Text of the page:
1.7 million, and is recognized as the economic hub of Southwestern Iran monthly income and number of private cars), we obtained 526 com-
(Shiraz Municipality, 2015). According to a recent population and pleted surveys.
housing census, the proportion of employment in retail sales and ser- Table 1 represents the socioeconomic characteristics of the sample.
vices is about 70% of the urban area's total labor force. However, the In general, > 56% of respondents possessed an advanced education,
number of licenses issued in retail industries in Fars province decreased were mostly full-time employees with an average age of 33 and earned
from 1671 in 2012 to 1199 in 2015 (Statistics Fars Province, 2015). In a median monthly income of $600 to $900 U.S. dollars. According to
Jun 2019, Fars province is the third most-productive province of Iran in Statistical Center of Iran (2017), the average monthly household in-
terms of online transactions per capita, with a total of 389,435 online come in urban areas is about $ 667, which is almost between the level
transactions in March of that year alone (Shaparak, 2019). income of $ 300-$ 600 and $ 600-$ 900 as our most popular reported
Based on the Revised Detailed Plan of Shiraz, the city is divided into income levels. Furthermore, results from the Urban Household Survey
10 regional municipalities with approximately 80 districts distributed in 2017 shows that the average monthly income in Fars province is
among them (Shahrokhaneh Consultant, 2014). Shiraz is an ancient approximately $790 that is very similar to the average monthly income
city, and generally has three distinct geographic zones: the central of our sample in Shiraz (Statistical Center of Iran, 2017).
business district (CBD), which is widely recognized as the historic core Moreover, Iran has one of the world's largest per capita population
of the city with a compact built environment; the sub-center districts of university students (ICEF, 2015) with about 4.5 million Iranians at-
that include the areas developed around the CBD; and the inner- tending a university in 2015. The country is producing far more college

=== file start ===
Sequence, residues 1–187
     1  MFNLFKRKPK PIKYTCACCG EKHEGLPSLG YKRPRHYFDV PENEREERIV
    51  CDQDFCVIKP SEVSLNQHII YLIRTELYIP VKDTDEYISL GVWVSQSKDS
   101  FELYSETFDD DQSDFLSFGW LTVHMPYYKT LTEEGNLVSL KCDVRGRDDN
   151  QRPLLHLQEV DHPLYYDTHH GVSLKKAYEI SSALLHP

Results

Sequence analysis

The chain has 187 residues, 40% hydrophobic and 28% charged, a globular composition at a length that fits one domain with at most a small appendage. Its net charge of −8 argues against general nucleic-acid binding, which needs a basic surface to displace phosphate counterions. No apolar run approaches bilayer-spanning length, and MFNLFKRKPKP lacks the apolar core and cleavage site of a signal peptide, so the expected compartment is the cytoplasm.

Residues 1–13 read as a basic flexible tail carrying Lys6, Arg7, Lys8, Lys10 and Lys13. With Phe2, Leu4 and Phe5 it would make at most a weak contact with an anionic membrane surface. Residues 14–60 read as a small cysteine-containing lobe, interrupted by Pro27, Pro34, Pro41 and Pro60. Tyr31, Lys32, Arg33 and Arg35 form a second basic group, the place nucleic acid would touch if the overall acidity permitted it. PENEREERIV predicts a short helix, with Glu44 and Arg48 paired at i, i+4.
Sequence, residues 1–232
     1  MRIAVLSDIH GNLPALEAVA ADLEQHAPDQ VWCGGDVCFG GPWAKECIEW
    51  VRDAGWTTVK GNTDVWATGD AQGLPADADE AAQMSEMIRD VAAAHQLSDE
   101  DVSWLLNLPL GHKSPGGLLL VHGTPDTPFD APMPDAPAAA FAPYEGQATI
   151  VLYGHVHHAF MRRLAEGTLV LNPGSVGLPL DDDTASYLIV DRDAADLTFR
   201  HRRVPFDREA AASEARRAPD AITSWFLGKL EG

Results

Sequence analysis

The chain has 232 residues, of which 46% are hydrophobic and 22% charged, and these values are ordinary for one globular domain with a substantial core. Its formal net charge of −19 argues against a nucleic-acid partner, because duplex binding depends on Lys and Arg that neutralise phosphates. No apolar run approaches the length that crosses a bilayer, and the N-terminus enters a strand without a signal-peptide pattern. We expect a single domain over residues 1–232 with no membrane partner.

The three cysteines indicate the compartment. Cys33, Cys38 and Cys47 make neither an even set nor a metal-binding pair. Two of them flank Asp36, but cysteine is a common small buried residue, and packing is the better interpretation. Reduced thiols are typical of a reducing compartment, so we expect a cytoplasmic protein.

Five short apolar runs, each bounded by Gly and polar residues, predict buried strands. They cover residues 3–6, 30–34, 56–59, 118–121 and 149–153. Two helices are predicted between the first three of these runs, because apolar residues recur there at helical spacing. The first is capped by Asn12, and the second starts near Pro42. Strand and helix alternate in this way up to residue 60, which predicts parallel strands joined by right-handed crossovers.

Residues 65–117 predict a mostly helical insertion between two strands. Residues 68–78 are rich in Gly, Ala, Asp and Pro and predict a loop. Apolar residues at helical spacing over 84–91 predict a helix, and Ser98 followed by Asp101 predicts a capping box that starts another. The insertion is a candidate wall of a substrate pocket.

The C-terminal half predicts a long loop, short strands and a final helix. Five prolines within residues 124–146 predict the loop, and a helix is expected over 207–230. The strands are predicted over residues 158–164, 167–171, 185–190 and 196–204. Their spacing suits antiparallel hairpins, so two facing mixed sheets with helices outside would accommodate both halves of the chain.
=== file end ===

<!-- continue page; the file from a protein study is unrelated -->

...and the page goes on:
4
R. Etminani-Ghasrodashti and S. Hamidi Cities 103 (2020) 102768

Fig. 1. Map of case study (Shiraz metropolitan area).

Table 1 graduates (and often of low quality) than the domestic economy can
Socioeconomic characteristics of the sample (N = 526). absorb. This trend has influenced the economic, social, and political
Description of variable Frequency Percent
problems inside Iran (The World Bank, 2017). Because of the pro-
liferation of higher education among Iranian citizens, we expected to
Socio-demographic have a high number of advanced degrees among survey respondents.
characteristics According to the Statistical Center of Iran (2016), the population
Gender Male 280 53.2
between 25 and 29 years old has the highest level of distribution
Female 246 46.8
Monthly income ($) Less than $300 107 20.3 compared to the other age cohorts. Statistics also demonstrate that the
$300- $600 257 48.9 mean and the median age of the Iranian population in urban areas are
$600- $900 106 20.2 respectively about 31 and 30 years old. So, it would make sense that our
$900- $1200 47 8.9
respondents who are somehow familiar with internet usage and online
$1200- $1500 4 0.8
$1500- $1800 4 0.8
shopping are mostly among young adults and better-educated popula-
$1800- $2100 1 0.2 tion (Statistical Center of Iran, 2016). Results from labor force in-
More than $2100 0 0 dicators show that in 2017 the employment ratio for Fars province is
Level of education Less than a secondary 49 9.3 36.1% and the unemployment rate is about 10.3% of the total active
diploma
population (Statistical Center of Iran, 2017). Comparing these results
Diploma (12 years) 106 20.2
Advanced diploma 75 14.3 with the characteristics of our sample, it seems that our sample was a
Bachelor's degree (4 209 39.7 little different in terms of employment distribution of the total popu-
yeas) lation in Fars province. Although, this difference would not make a bias